it’s born with us the day that we are born.

Related Characters: Hector (speaker), Andromache
Page Number: 6.580-584
Explanation and Analysis:

In this tender scene, Hector tries to comfort his wife, Andromache. Hector is about to go into battle, and Andromache is frightened that she'll never see him again: there's a good chance Hector will be killed in the line of duty. Hector tries to reassure Andromache by pointing out that everybody dies in the end. the best Hector can do, as a great soldier, is to fight bravely while he still has the energy and the talent. In short, Hector believes that everybody dies, so he might as well die with dignity and honor.

Hector's speech illustrates the strengths and the limitations of the warlike philosophy of the Trojans. Hector is incredibly brave and noble--he's genuinely willing to die for Paris, someone he clearly doesn't even like--and yet he's so focused on war and fighting that he's forced to neglect the other half of life: the life of love, happiness, tenderness, and family.

Book 9 Quotes

Mother tells me,
the immortal goddess Thetis with her glistening feet,
that two fates bear me on to the day of death.
If I hold out here and I lay siege to Troy,
my journey home is gone, but my glory never dies.
If I voyage back to the fatherland I love,
my pride, my glory dies . . .
true, but the life that’s left me will be long,
the stroke of death will not come on me quickly.

Related Characters: Achilles (speaker), Thetis
Page Number: 9.497-505
Explanation and Analysis:

In this passage, Achilles lays out the two options before him: he can either fight in the Trojan War and die young, gaining glory and immortality in the process, or he can sail back home and live a long happy life, and be forgotten by history.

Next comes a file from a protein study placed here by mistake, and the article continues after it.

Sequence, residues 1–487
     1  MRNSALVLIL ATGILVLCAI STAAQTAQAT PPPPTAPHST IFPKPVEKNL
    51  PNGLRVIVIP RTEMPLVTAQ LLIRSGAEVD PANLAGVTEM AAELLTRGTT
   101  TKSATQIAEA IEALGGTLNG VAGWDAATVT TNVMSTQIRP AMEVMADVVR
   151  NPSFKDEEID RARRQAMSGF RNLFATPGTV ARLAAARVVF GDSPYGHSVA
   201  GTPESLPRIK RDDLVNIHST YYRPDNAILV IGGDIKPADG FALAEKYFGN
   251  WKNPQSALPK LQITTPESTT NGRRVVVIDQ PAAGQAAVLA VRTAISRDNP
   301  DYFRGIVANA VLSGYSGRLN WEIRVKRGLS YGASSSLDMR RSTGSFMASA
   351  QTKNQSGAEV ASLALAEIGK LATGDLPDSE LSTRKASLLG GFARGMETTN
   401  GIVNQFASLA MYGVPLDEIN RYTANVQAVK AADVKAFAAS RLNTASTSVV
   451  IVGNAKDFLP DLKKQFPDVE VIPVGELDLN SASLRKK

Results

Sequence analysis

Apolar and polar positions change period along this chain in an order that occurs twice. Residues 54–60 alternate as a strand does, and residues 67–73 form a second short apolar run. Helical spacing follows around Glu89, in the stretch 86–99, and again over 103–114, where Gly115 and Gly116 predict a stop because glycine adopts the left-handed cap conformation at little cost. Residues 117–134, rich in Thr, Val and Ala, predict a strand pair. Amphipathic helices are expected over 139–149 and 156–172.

Achilles's choice illustrates the differences between honor and happiness. Happiness is personally satisfying, but short-lived: Achilles could enjoy the rest of his life, but his enjoyment wouldn't help anyone else (except perhaps the people back home). On the other hand, honor is selfless and immortal: Achilles would make a great sacrifice by dying on the battlefield, and he would be rewarded for his sacrifice by being remembered forever. Ultimately, the Iliad sees honor as the more important value (although many modern readers of the poem might argue that happiness and peace are better than war and immortality). Also note that the "immortality" Achilles discusses is partly realized by the Iliad itself: thanks to Homer, we're still talking about Achilles thousands of years later.

Book 13 Quotes

One man is a splendid fighter—a god has made him so—
one’s a dancer, another skilled at lyre and song,
and deep in the next man’s chest farseeing Zeus
plants the gift of judgment, good clear sense.

Related Characters: Zeus
Page Number: 13.844-847
Explanation and Analysis:

In this section of the poem, Zeus surveys the fighting between the Trojans and the Achaeans and praises the Trojans for their valor. Zeus decides to reward the Trojans with good sense and clever strategy.

It's important to keep in mind why Zeus is helping the Trojans in the war: he ultimately wants Achilles to achieve as much glory as possible, and therefore tries to make the Trojans the most dangerous enemies they can be. In short, Zeus's "methods" are rather hard to understand: even when he seems to favor one side, he really has the other side in mind.

The passage is also important because it shows the relationship between fate and free will in the poem. Zeus controls the fate of the universe, and yet Zeus himself seems to be influenced by the behavior of the Trojans and the Achaeans: their bravery encourages him to choose to alter the result of the battle. Furthermore, Zeus's observations suggest that the Trojans aren't just puppets, doing whatever Zeus tells them to do: Zeus is genuinely impressed with the Trojans' courage and talent. In short, the characters in the poem aren't just playing out their destinies: they're exercising free will, if only at times and within the larger designs of the gods and the Fates.

Book 16 Quotes

Do as you please, Zeus . . .
but none of the deathless gods will ever praise you…
if you send Sarpedon home, living still, beware!
Then surely some other god will want to sweep
his own son clear of the heavy fighting too.

Related Characters: Hera (speaker), Zeus, Sarpedon
Page Number: 16.526-531
Explanation and Analysis:

In this famous scene, Zeus surveys the Trojan War and sees that his own son, Sarpedon, is about to be killed. Zeus contemplates saving his son from the danger, but decides against it after Hera encourages him to refrain from interfering. Hera's argument is interesting: she claims that Zeus's interference is a "slippery slope," and will encourage the other gods to meddle in human affairs excessively.